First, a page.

I might be a little bit obsessed with dog breeds. About a year ago, I found myself looking for a new dog. Given my background in research, it might not surprise you that I spent quite a bit of time reading about different breeds.
I made a spreadsheet with our criteria and assigned a point value to each category, then ranked my top 25 breeds from most compatible to least compatible. (We ended up with a collie, if you’re curious). All this to say: please make sure that when you choose a dog, you make sure you understand the unique characteristics and needs of its breed(s).
But what if I were a time traveller? In what place and time would I find my ideal new four-legged friend?
I’ve decided to hope into my time travel machine, go back about 2000 years, and head across to the Mediterranean. There I’ll visit ancient Rome and Greece, in the same area as modern day Rome and Greece. The Greeks and Romans kept dogs as guardians, hunting animals, and companions. Many of the main breeds are now extinct, although some have relatives or descendants alive today.
Perhaps I would start with a visit to Odysseus. His dog, Argos, was probably a Laconian. Lithe and agile, Laconians were primarily scent hounds, used as hunting dogs and popular in both Greece and Rome.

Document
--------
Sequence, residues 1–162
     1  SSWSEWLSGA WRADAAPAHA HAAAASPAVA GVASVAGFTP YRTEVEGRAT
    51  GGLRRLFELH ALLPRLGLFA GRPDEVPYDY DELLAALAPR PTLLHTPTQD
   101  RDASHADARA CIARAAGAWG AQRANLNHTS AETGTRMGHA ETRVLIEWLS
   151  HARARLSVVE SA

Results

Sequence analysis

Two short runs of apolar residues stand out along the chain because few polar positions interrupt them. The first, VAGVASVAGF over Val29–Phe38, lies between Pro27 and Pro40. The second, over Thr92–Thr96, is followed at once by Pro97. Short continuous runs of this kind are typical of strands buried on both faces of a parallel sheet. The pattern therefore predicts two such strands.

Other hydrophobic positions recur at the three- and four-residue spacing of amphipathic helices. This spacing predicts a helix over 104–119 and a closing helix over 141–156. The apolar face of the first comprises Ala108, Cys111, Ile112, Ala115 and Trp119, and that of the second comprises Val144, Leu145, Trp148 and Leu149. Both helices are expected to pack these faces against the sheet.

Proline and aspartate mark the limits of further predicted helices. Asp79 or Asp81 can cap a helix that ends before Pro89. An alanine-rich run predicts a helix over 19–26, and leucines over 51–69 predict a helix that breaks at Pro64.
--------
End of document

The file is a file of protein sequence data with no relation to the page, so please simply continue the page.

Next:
(possibly descended from the Tibetan mastiff and now extinct)
These were fighting dogs and often wore spiked collars with the ability to do some damage. Cato wrote that a dog with one of these collars was useful in discouraging wolves from attacking any domesticated dogs.
Really talented war dogs received full armor to match their owners. In the play Julius Caesar by William Shakespeare, the character Mark Antony works to whip up Caesar’s mourners against the assassins with a speech the phrase “let slip the dogs of war,” a reference to these types of dogs. They were also the sacred dog of the goddess Hecate.
This Greek breed with long hair and short legs served as a lap dog. Diogenes, the cynic, said that he was a Melitan when hungry and a Molusses when satisfied. (The word “cynic” is literally derived from an epithet used against Diogenes that meant “dog.”)
It’s possible that Alexander the Great’s lion and elephant fighting dog was a Tibetan Mastiff. Tibetan Mastiffs are still found in the 20th century.They make stubborn, fearless and strong protectors. Should you choose to adopt a Tibetan Mastiff, be prepared though. Although loving, they grow quite large and can be fiercely territorial.
Stay tuned for History – Gone to the Dogs! (Part 2)